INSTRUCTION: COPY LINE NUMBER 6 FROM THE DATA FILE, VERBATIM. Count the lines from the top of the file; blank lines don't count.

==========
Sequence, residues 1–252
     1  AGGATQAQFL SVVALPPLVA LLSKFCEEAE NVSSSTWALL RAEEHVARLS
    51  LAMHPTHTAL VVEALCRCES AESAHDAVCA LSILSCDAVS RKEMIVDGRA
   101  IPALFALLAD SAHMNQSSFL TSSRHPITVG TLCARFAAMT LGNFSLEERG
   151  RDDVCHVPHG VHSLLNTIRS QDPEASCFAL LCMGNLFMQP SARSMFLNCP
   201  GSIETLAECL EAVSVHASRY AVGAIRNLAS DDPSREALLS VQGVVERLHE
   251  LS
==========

   201  GSIETLAECL EAVSVHASRY AVGAIRNLAS DDPSREALLS VQGVVERLHE